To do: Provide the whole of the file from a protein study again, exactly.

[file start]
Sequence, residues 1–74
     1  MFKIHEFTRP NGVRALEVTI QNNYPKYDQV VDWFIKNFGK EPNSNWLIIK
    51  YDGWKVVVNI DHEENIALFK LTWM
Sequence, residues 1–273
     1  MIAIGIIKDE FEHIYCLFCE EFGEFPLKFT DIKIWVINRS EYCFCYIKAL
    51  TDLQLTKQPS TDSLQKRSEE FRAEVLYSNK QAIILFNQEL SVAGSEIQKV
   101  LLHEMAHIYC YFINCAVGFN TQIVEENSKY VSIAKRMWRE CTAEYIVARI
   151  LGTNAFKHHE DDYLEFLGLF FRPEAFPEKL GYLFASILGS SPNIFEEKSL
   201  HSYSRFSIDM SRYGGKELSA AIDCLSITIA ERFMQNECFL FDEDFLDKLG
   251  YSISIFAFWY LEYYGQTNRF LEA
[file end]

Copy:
Sequence, residues 1–74
     1  MFKIHEFTRP NGVRALEVTI QNNYPKYDQV VDWFIKNFGK EPNSNWLIIK
    51  YDGWKVVVNI DHEENIALFK LTWM
Sequence, residues 1–273
     1  MIAIGIIKDE FEHIYCLFCE EFGEFPLKFT DIKIWVINRS EYCFCYIKAL
    51  TDLQLTKQPS TDSLQKRSEE FRAEVLYSNK QAIILFNQEL SVAGSEIQKV
   101  LLHEMAHIYC YFINCAVGFN TQIVEENSKY VSIAKRMWRE CTAEYIVARI
   151  LGTNAFKHHE DDYLEFLGLF FRPEAFPEKL GYLFASILGS SPNIFEEKSL
   201  HSYSRFSIDM SRYGGKELSA AIDCLSITIA ERFMQNECFL FDEDFLDKLG
   251  YSISIFAFWY LEYYGQTNRF LEA